Best Books of the Year Countdown: 100 to 81


Ranking books is crazy. This is art after all, right? How do you decide which is better between two novels, much less between, say, Steve Jenkins's 32-page picture book, Never Smile at a Monkey, and William T. Vollmann's 1,344-page personal and social history of the California-Mexico border, Imperial (see below)? Nevertheless, rank books we do, at least around here. For one thing, it's fun (both to choose and to see what other people choose), and for another it really is a useful way of focusing. Overwhelmed by all the tens or hundreds of thousands of new books each year? (We are--you should see my cubicle.) When we choose a few (or a hundred) as "the Best," all we're saying is, here's where you might want to start.

We have been choosing Amazon's Best Books of the Year for the past 10 years, and year after year it's both our own favorite project and the most popular among our customers. (Each year, at some point in the summer, we say, "Time to take those Best of [Last Year] links down?" "Nope, people are still clicking on them...") We have the list in mind as we read all year, and much of October ends up being consumed with extensive internal balloting, discussions, and more reading, all with an eye toward putting together our list of the Top 100 editors' picks and our Top 10 lists in nearly two dozen categories. (Sometimes those discussions get pretty contentious--I've been known to get a different kind of headache in October than I do any other time of the year--but I must say this year they were the most efficient and amicable I've ever experienced. Either we've been doing this for a long time, or we had a lot of agreement at the top this year--I think it was a little of both.)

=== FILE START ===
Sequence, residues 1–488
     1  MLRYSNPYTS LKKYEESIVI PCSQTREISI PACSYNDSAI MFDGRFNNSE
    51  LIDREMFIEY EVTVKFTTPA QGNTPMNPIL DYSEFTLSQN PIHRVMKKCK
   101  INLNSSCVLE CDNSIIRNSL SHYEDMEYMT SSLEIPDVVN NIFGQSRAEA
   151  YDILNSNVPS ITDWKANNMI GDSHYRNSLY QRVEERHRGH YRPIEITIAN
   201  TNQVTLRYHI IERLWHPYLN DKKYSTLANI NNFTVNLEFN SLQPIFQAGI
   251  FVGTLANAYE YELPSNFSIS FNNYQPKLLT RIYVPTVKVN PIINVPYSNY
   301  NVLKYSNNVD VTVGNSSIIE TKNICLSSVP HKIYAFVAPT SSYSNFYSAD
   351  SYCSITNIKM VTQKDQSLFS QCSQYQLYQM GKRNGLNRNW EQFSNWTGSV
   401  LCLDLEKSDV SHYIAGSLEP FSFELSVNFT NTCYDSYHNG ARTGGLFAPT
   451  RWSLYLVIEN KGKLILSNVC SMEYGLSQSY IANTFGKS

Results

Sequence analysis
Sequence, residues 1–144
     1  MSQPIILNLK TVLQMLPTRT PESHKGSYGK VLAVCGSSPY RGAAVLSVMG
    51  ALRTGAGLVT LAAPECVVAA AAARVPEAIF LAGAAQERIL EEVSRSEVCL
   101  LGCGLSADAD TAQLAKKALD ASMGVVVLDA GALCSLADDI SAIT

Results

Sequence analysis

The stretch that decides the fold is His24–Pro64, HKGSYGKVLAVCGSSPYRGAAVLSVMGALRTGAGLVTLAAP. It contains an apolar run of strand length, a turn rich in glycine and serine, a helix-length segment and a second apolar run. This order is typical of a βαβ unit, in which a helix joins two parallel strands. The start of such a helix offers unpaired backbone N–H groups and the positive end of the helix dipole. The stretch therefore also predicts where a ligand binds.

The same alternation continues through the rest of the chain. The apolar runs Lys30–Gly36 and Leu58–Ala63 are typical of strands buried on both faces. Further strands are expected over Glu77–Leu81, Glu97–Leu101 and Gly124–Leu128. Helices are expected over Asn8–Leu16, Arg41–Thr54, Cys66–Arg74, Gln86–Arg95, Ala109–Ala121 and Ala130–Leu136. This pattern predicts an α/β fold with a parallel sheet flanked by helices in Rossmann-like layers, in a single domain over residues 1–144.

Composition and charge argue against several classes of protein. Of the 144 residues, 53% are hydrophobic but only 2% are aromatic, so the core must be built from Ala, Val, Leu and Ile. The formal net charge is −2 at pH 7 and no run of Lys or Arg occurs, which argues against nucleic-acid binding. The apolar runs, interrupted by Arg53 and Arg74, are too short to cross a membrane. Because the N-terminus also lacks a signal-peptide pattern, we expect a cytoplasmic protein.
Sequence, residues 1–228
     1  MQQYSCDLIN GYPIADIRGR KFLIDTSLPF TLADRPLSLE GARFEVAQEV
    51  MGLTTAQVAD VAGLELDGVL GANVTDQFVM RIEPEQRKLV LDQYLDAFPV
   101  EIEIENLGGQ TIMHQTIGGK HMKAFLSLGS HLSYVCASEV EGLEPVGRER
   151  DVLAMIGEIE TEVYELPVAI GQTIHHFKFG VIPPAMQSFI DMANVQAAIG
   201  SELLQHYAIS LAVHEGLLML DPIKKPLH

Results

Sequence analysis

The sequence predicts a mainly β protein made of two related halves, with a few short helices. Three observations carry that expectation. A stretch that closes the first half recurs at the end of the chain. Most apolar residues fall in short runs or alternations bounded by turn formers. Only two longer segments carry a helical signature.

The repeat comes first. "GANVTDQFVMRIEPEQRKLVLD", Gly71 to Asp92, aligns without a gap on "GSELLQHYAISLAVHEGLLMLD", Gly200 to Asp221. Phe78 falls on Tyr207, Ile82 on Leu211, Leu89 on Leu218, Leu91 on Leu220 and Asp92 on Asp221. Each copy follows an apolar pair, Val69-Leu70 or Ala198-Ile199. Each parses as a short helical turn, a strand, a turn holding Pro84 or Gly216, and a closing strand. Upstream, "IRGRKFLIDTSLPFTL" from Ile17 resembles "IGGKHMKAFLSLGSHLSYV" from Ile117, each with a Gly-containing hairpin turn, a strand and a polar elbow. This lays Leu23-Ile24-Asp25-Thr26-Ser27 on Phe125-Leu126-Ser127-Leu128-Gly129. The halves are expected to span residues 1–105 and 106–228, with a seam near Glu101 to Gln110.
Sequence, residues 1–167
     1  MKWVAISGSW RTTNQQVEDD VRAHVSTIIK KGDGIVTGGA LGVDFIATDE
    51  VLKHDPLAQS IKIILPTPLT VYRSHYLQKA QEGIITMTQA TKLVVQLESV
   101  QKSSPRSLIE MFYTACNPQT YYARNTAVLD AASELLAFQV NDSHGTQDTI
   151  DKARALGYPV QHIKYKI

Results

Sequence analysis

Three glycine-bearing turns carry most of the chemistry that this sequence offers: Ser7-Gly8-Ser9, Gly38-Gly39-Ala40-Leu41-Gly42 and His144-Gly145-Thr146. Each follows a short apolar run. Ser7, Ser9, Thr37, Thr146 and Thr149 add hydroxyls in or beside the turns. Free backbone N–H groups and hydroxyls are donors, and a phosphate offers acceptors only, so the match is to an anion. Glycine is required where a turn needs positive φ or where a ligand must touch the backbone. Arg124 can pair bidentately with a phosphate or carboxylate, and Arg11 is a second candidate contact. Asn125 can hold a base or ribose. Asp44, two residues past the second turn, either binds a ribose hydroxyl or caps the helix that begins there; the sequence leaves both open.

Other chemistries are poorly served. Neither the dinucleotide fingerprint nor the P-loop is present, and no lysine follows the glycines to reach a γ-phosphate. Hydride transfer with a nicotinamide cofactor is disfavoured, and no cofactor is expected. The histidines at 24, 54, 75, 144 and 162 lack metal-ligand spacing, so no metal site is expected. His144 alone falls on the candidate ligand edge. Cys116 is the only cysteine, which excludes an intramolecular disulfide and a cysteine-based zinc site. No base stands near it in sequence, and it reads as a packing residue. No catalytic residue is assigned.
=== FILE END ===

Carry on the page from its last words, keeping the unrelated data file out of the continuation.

As usual, we'll be launching our full Best of 2009 feature on the first weekday in November (next Monday), including all those editors' picks lists as well as lists of our customer bestsellers in the same categories and our favorite author videos and book covers of the year. But this year we're jumping the gun a little, and we're going to be posting the Top 100 ahead of time, counting down part of the list every day this week. Today it's #100 to #81, and then we'll post twenty more each day until Friday, when we'll post #20 through #11. (We're saving the top 10 for next Monday, when the whole thing goes live.) We'll have a lot more to say next week, but until then, since I don't have a link yet for our Best of 2009 page to send you to, feel free to poke around our Best of 2008 page (plenty of customers still are).

[Shifting into my Casey Kasem voice] And now, let the countdown begin:

100. The Interrogative Mood, Padgett Powell

99. The First Family: Terror, Extortion, Revenge, Murder, and the Birth of the American Mafia, Mike Dash

98. The Anthologist, Nicholson Baker

97. Imperial, William T. Vollmann

96. Asylum: Inside the Closed World of State Mental Hospitals, Christopher Payne

95. The American Painter Emma Dial, Samantha Peale

94. Inherent Vice, Thomas Pynchon

93. Nobody Move, Denis Johnson

92. The BLDGBLOG Book, Geoff Manaugh

91. American on Purpose, Craig Ferguson

90. D-Day, Antony Beevor

89. The Complete Stories of J.G. Ballard, J.G. Ballard

88. The Children's Book, A.S. Byatt

87. Half Broke Horses, Jeannette Walls

86. Rapt: Attention and the Focused Life, Winifred Gallagher

85. Born to Run, Christopher McDougall

84. The Evolution of Calpurnia Tate, Jacqueline Kelly

83. American Rust, Phillipp Meyer

82. Never Smile at a Monkey, Steve Jenkins

81. The Jazz Loft Project, Sam Stephenson

Tomorrow: #80 to #61. --Tom

More Best Books of 2009:

#80 to #61

#60 to #41

#40 to #21

#20 to #11

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